The basic element of a post-tensioning system is called a tendon.
A post-tensioning tendon is made up of one or more pieces of prestressing steel,
coated with a protective coating, and housed inside of a duct or sheathing. A
tendon will have anchors on each end to transmit the forces into the structure.
Long tendons may also have intermediate anchors along their length. The
prestressing steel can be a high strength steel strand (typical in horizontal
applications) or a high strength steel bar (typical in vertical applications).
Prestressing steel is manufactured to applicable ASTM requirements. Typical
strand sizes are 0.50 in. and 0.60 in. diameters, and bar sizes can typically
range from 1 in. to 2.5 in. To get an idea of the high strength of this type of
steel, a typical steel strand used for post-tensioning will yield at about
243,000 psi. In comparison, a typical piece of rebar will yield at about 60,000
Tension is applied to prestressing steel by using a hydraulic stressing
jack. The jack bears against one of the anchors that is embedded in the
concrete and pulls the steel to a predetermined force. As the tensioning is
occurring, the steel is being elongated, and the concrete or masonry element is
being compressed. When the proper tensioning force is reached, the prestressing
steel is anchored in place. The anchors are designed to provide a permanent
mechanical connection, forever keeping the steel in tension, and the concrete in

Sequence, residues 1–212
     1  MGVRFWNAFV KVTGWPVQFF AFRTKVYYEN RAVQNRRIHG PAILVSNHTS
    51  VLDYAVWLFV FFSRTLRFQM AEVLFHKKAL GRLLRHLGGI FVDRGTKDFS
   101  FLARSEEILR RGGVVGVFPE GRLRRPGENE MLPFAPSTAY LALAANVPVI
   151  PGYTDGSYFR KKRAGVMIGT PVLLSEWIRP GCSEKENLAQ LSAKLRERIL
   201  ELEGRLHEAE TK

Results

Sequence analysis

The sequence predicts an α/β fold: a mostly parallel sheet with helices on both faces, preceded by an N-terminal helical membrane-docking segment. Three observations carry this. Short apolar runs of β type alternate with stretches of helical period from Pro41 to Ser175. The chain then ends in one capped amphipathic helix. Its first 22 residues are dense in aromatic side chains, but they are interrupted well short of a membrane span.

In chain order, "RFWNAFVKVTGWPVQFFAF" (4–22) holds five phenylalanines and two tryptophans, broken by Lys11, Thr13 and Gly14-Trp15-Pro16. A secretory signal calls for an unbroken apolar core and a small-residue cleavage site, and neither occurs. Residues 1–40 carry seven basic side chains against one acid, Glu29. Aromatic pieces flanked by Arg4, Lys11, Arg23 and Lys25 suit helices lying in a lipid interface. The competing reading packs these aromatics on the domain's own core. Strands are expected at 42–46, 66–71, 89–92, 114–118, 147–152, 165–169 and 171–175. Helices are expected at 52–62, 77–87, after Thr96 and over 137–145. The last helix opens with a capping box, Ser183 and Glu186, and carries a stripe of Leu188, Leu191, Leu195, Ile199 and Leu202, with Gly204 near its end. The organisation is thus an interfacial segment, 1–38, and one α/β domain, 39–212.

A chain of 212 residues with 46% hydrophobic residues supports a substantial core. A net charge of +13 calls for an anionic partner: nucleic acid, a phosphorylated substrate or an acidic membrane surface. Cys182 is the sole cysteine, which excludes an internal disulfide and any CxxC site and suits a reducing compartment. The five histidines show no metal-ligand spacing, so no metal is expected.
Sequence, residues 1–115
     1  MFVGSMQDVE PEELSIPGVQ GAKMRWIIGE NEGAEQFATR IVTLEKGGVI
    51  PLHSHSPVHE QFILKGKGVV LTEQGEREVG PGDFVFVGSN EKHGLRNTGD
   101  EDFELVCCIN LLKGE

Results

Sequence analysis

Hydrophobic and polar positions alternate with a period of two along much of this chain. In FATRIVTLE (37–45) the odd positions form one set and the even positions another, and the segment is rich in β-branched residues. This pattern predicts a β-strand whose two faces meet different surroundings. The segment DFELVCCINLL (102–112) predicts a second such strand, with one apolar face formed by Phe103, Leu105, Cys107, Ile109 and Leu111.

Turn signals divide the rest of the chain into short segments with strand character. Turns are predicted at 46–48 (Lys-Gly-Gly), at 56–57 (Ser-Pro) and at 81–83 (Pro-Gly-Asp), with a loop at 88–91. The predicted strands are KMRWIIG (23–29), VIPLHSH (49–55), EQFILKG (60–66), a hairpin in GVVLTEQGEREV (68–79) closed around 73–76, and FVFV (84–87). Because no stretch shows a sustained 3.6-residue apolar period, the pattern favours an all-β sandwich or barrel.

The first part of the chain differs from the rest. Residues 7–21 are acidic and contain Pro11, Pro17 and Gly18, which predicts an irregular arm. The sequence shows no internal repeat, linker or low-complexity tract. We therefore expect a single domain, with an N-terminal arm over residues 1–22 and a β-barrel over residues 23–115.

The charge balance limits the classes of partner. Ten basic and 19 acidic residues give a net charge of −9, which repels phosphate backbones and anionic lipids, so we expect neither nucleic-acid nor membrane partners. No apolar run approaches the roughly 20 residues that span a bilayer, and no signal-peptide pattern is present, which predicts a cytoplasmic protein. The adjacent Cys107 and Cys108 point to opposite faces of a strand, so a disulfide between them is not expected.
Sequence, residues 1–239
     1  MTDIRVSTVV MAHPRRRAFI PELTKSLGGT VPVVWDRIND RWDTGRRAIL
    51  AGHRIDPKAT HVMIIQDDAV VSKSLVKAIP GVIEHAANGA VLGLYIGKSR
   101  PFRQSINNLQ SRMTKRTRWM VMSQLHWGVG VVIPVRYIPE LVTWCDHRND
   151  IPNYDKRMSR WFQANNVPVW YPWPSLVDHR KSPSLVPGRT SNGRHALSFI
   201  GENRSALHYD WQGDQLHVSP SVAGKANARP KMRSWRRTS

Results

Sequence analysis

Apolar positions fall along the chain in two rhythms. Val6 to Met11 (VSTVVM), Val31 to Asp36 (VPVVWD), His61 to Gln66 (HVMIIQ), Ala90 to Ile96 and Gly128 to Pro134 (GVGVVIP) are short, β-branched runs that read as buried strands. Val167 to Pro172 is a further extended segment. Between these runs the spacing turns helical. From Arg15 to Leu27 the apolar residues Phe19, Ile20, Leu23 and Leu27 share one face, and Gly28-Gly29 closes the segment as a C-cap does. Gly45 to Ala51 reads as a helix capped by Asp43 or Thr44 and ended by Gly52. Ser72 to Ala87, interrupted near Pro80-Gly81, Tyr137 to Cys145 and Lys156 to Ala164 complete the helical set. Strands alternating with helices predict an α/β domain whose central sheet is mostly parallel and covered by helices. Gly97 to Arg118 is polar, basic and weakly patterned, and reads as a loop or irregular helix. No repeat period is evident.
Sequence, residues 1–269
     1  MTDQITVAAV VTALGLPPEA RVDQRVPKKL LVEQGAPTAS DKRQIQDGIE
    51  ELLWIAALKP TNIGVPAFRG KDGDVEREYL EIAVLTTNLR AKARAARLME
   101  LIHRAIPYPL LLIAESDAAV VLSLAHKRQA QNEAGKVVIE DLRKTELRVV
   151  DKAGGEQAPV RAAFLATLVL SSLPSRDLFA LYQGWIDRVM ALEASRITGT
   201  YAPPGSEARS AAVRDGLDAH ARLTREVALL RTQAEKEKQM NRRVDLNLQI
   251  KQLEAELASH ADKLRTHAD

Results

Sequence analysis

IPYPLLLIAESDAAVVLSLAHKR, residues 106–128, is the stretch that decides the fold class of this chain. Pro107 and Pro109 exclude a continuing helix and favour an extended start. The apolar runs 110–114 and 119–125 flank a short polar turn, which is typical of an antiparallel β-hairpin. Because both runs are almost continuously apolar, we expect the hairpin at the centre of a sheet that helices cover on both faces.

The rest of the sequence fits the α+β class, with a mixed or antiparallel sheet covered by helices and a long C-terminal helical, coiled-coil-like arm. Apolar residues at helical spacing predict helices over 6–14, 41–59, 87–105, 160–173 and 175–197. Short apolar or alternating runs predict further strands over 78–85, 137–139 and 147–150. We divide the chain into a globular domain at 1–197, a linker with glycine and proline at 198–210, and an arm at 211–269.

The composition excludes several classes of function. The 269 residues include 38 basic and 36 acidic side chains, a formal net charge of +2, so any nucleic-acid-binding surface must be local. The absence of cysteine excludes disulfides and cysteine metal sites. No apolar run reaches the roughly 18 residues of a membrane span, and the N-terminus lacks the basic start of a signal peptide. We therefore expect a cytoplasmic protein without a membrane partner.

duct or sheathing that houses the prestressing steel provides one layer of
corrosion protection. A tendon with a duct that contains multiple pieces of
prestressing steel strand is commonly called a multistrand
tendon, and a tendon in which a single prestressing steel strand is covered
in a plastic sheathing is commonly referred to as a monostrand
tendon. Inside the duct or sheathing, the prestressing steel is covered in a
protective coating that provides another level of corrosion protection. This
coating can be a specially formulated type of grease, or it can be a specially
designed type of grout. When grease is used, the prestressing steel is
permanently free to move relative to the sheathing and the tendon is referred to
as an unbonded tendon. When
grout is used, the steel is permanently bonded to the sheathing and is referred
to as a bonded tendon.